I know our last post was several weeks ago, so you all probably think we have been off celebrating ever since getting our experimental streams up and running... Well, we did do some celebrating, but we've also been super busy with a lot of other cool science work. Having the streams work well just opened up a lot of time for us to do other things.
One of the things we have been particularly excited about it trying to re-create the dissolved oxygen (DO) crashes we have seen in the Mara. We have developed the hypothesis that it is the flushing of a lot of water through hippo pools that causes these events, but how can you test that experimentally? If we could flush a lot of water through a hippo pool without adding or changing anything else, and if that movement of water alone caused a DO crash, that would be pretty convincing, right? But how would one pull that off?
We toyed around with hiring a huge water truck to dump a bunch of water into a hippo pool, but there were some logistical challenges to consider. In running this idea by our hyena researcher colleagues, David Green suggested, "Why don't you just build a small dam and then remove it quickly?"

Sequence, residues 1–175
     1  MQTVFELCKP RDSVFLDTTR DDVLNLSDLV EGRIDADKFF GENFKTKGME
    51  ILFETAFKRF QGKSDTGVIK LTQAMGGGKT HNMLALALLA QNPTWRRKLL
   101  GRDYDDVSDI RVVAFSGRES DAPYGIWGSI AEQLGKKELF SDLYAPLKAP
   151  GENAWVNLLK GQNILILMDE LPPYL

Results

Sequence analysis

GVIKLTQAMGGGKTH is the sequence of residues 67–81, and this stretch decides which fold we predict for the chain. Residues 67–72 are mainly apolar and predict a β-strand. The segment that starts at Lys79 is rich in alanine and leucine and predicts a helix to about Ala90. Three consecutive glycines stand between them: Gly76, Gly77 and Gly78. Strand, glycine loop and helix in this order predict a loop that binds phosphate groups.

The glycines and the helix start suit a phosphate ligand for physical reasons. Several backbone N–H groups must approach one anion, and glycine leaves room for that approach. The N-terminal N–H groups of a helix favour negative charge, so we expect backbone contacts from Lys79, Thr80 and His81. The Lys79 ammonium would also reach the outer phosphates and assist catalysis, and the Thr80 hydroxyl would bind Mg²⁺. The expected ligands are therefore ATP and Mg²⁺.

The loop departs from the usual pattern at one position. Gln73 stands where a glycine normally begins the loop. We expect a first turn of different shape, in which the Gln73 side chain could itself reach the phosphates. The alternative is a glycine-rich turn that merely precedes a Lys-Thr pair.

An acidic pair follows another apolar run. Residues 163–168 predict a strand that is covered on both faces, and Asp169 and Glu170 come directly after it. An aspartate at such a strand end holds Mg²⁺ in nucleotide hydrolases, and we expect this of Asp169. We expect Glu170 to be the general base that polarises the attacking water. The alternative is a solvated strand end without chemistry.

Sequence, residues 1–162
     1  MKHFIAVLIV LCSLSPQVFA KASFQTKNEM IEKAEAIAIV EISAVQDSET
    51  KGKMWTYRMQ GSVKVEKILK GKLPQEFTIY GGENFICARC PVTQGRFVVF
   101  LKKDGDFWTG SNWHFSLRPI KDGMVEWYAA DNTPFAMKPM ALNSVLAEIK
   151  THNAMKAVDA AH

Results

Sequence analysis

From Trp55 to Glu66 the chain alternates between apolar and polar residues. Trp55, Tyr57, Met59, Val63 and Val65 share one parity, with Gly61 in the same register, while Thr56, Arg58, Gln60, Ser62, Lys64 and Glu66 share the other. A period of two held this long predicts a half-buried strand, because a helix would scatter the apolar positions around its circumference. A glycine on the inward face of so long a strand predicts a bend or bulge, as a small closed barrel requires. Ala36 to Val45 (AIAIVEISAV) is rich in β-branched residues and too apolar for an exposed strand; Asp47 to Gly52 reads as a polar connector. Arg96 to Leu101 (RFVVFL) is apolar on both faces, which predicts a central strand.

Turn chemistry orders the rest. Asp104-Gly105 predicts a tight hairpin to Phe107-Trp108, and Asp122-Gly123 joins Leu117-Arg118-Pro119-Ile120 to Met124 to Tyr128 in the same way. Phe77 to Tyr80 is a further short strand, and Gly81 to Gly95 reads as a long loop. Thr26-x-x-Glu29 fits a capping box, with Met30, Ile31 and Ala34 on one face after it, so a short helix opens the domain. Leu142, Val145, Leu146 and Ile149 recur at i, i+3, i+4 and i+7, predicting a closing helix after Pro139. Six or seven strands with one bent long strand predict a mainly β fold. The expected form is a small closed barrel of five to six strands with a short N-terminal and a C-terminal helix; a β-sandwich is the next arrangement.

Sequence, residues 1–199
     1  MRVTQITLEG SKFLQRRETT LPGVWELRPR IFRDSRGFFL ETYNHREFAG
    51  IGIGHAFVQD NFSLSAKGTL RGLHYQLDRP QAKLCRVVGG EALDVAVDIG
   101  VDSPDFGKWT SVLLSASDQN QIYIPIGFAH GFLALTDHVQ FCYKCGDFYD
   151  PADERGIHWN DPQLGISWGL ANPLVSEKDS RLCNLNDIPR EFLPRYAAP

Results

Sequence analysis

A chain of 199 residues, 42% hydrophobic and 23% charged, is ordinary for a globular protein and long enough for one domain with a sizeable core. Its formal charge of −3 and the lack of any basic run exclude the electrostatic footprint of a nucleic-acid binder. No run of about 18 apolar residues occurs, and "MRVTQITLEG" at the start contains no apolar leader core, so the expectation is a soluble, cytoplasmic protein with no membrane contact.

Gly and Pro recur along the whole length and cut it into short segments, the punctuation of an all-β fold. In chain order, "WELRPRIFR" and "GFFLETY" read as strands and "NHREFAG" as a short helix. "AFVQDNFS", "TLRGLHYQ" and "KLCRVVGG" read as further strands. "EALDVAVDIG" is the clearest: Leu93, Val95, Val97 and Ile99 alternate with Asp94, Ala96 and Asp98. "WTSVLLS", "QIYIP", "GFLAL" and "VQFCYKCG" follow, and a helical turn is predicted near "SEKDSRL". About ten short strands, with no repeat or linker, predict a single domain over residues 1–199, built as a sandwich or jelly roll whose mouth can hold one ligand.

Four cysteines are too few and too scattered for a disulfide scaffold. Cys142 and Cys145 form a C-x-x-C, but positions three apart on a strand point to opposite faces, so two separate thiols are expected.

Brilliant! Six tons of sand later and we were in business!
|This is what 6 tons of sand looks like|
|David showing off his dam-building skills|
|Our completed dam|
We left the dam overnight so it could back up as much water as possible. By the next morning, it had built up almost a 1 foot head, which reach back at least 100 m. That's a lot of water!
|Our dam the following morning|
After taking lots of measurements and getting our meters spread out downstream, we pulled all the sandbags out of the middle of the dam quickly, letting the water rush through. I was amazed by how big a wall of water we had managed to build up!
|Breaching the dam|
Chris will be presenting on this experiment and what we learned from it at the Joint Aquatic Sciences Meeting this May, so stay tuned to learn more about our results. Did we re-create a DO crash, or just build a lot of muscles moving six tons of sand around? I'm going to leave you with a little bit of suspense... but I will say that, 24 hours after we started, the river was completely back to normal, but we had learned so much about how these events work! Thanks to David Green for the great idea, and to David, Emma, Chris and the sand guys from Talek for all the hard work!